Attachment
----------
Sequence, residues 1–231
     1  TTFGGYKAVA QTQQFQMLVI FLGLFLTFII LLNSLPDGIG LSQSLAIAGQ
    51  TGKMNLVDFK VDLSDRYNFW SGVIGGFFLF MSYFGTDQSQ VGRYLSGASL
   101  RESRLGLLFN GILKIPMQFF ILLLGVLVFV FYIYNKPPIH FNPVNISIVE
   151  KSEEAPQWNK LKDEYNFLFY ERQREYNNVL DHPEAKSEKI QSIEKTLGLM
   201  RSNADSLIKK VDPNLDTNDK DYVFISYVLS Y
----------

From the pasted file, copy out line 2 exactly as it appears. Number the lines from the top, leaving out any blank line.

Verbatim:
     1  TTFGGYKAVA QTQQFQMLVI FLGLFLTFII LLNSLPDGIG LSQSLAIAGQ